In a 28-year law enforcement career, Miami Police Major Ervens Ford has seen the best and worst Miami has had to offer.
On this day he’s looking across a desk at Miami Police headquarters at one of the best: his son, Officer Ervens Ford Jr. Two years ago he followed his father into law enforcement, following a family tradition that began with the major’s father.
“Sometimes you wonder, did you not push him toward that career? With him, in particular, I’m in law enforcement. His mother is in law enforcement. His godmom is in law enforcement. The only people he saw growing up were in law enforcement. He’s been surrounded by it his whole life. Did it influence him? I’m sure it did,” Ford says. “But I think it was a good influence.”
Rebel? Ford Jr., 22, didn’t get away with much while growing up in the West Park neighborhood of Broward County.
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“Growing up, I really was not able to go many places. Honestly, I won’t lie; it did groom us very well. My sister is 28 and she’s a dispatcher at BSO. We’re not bad kids. Actually, we’re great kids.”
Dad, who will still take a moment to adjust his son’s tie, is not having all of that.
“Great is not the word,” said Ford, 50. “Decent.”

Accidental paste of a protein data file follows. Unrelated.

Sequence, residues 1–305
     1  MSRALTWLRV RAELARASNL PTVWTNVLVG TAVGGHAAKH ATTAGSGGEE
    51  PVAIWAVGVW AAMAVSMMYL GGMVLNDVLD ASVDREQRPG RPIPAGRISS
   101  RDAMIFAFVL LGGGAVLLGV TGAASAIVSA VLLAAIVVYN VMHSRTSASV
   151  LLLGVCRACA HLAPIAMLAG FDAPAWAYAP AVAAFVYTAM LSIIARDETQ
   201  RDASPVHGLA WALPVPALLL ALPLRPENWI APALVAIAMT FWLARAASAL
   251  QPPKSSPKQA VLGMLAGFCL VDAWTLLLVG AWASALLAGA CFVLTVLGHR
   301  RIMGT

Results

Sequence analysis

Guiding, teaching — it’s a lifelong process.
“I would like to think we groomed them. Observing how we conduct ourselves, that’s a big role in grooming children for whatever path they chose in life,” says Ford.
The son has mastered the lesson.
“It actually feels amazing to follow my father’s footsteps, seeing how much passion he has had for the job, how much he loves being a police officer,” Ford Jr. says. “I watched him grow from being a police officer to detective to sergeant to commander to major and I’m really proud of him. It’s an amazing journey.”
Any father would hope to see their child succeed, and I consider myself a success story. If he can duplicate what I have done, then it makes me proud.
Miami Police Major Ervens Ford
For the senior Ford, “It’s bittersweet,” he says. He knows his son will face much of what he has since joining the department nearly 28 years ago.
“It’s nerve wracking. At the same time it means the world to me because it’s a profession I chose. It’s an honor … He still happens to live with me and I see it on a daily basis. I see the growth in him as a person,” Ford says.
Born in Haiti, Ford, the father, moved to South Florida at age 4. Ford was a Boy Scout. A hall monitor in high school. Joined the U.S. Army and worked with the military police. On a whim, he learned Miami was hiring cops. He took the exam. “My options were if I didn’t pass I would pursue a military career, as those were the four best years of my life.”
Solving cases and growing with a job that is ever-changing — thanks to technological advancements and educational opportunities — has been rewarding. Ford says he will miss police work when he retires in 15 months. Ford Jr. will continue the family legacy.
“I lead by example. I make sure he sees how I deal with situations. How I conduct myself,’’ Ford says. “I don’t meddle. He doesn’t come running to me so I appreciate that. Any father would hope to see their child succeed, and I consider myself a success story. If he can duplicate what I have done, then it makes me proud.”